Joe and I set out to ring in the Memorial Day weekend at sunrise Saturday morning. A short jaunt from the Walgreens parking lot and we were on the water. We’re seeking carp mostly, fly rod in hand. I have 6wt Berkeley Stinger rod I’ve had 25 years. Fly fishing has only recently become an obsession, brought on primarily in the pursuit of Carp on the fly. I’ve had some great fun landing carp on ultralight gear so fly fishing seemed to be the next curious step in this pursuit.

We were looking more than odd with our fly fishing rods and packs crossing Carondelet.  The bikers, runners, and random residents going about life were not stopping to ask what we’re doing and we were definitely the only ones fishing.  No worries there at all.  Undesirable species + undesirable locales=unexpected fishing adventures.

As we approach the shoreline, it’s clear (not the water) that there are no shortage of fish and activity in this river.  We spot gar near the surface, carp tailing and leaving bubble trails.  It’s maybe 10 minutes before we have our first fish – a short nose gar.  While some may throw them back on the shore, a gar is a great deal of fun on the fly.  They give good chase to most any offering.  For a newer fly fisherman, they are excellent practice.  Casting to targets you can make out regularly just below the surface greatly help in both accuracy and they also provide you some chances at long casts that can generate a catch.

We continue catching gar as the early morning quickly disappears.  Time is always evasive once you get fishing.  We cast to dozens of bubble trails and spot at least 50 carp but not one had interest.  The water clarity was too dark to ID them so our best guess was they were bighead or black carp or perhaps spawning with no interest in taking a fly.  Some grass carp were also evident near shore, feeding on and below random vegetation.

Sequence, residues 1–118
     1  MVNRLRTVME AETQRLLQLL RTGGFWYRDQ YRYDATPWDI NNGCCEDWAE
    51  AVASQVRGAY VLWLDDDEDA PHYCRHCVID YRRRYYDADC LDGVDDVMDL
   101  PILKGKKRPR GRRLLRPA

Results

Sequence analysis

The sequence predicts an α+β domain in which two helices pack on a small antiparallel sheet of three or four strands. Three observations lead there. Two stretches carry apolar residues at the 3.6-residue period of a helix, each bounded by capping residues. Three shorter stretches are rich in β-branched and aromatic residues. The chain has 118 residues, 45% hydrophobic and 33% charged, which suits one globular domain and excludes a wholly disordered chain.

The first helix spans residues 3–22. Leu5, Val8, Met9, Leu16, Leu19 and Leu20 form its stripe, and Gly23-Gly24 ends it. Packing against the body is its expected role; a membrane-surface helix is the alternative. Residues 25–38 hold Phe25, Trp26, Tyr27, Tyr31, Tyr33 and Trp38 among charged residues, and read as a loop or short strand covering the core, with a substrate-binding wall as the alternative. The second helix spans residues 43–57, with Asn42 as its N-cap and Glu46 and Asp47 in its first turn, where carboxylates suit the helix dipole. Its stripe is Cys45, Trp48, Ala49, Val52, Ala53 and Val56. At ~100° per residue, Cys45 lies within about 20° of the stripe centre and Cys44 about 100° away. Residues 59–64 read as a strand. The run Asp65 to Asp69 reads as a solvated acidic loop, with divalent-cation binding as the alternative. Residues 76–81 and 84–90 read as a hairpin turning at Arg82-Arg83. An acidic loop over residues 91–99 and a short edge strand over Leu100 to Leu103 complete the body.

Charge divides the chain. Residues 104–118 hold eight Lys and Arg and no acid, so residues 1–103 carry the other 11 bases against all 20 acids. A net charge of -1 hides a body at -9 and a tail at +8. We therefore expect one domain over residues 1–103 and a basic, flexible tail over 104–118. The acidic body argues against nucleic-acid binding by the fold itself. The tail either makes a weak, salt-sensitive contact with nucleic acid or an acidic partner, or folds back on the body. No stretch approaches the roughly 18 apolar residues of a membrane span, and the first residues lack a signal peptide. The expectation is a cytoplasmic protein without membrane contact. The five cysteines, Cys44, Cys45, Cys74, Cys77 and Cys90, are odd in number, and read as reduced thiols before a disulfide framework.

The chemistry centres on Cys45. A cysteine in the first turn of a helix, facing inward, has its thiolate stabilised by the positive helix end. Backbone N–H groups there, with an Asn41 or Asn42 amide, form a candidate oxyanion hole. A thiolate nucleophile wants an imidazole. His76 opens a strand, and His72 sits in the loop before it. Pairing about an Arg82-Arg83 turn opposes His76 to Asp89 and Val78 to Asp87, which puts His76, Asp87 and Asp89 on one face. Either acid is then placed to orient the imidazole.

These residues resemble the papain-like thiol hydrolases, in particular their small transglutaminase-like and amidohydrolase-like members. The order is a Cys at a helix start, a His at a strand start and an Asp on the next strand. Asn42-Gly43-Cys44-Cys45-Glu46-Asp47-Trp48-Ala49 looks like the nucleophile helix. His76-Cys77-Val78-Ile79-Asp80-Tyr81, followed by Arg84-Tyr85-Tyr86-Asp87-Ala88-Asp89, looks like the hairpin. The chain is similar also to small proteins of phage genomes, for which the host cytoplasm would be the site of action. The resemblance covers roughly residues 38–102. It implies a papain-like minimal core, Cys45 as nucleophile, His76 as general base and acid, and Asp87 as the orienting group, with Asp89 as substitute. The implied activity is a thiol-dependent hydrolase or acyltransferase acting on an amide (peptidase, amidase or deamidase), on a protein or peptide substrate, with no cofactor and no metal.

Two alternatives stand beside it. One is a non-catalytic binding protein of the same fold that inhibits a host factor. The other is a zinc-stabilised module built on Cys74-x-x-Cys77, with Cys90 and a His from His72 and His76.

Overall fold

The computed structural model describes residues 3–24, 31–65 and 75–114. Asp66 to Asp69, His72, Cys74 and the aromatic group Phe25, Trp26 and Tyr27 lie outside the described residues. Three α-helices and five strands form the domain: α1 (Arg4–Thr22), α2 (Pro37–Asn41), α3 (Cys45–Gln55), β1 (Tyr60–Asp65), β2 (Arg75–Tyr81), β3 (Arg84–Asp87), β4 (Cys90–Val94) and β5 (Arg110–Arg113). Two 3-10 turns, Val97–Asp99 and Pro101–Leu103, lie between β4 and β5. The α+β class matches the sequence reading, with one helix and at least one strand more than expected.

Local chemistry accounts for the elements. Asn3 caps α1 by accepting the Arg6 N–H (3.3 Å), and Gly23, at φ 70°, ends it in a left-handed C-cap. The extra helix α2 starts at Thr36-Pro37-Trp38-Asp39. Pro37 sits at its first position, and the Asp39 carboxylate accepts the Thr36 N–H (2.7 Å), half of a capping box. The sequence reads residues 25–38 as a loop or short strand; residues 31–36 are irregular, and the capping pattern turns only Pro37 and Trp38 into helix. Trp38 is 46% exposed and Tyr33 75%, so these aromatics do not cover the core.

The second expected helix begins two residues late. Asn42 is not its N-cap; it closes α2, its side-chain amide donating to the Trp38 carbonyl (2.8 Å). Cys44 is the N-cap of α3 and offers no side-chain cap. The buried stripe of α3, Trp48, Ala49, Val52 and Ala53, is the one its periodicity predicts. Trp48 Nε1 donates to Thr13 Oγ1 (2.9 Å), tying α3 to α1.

The landscape provided no shortage of views while we casted away.  Post-war bungalows and ranch homes from the 50s and 60s still line these streets.  The blocks untouched by modern home renovation standards like that seen in areas like Kirkwood or Brentwood where homes like this are leveled for a modern, more luxurious structures.  Much of the area still retains the charm of a bygone era.  Much like the fishing opportunity that is River Des Peres, this area has a peculiar beauty to be appreciated.

So yes, you are free to turn up your nose or plug it altogether if you won’t fish the River Des Peres but it’s your loss. There are a wide variety of species and in good numbers in select parts of this body of water.  You’ll get some crazy looks but you’ll also find some adventure.  This area is not unique to St. Louis by any means.  Get out and explore your local waterways.  Many teem with fishing opportunities to be enjoyed for those “seeing with new eyes”.



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Patrick Ritter
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Patrick Ritter is the founder of River King Fishing, LLC.  Raised near the confluence of the Missouri and Mississippi Rivers, the outdoors, especially fishing, has always been a passion.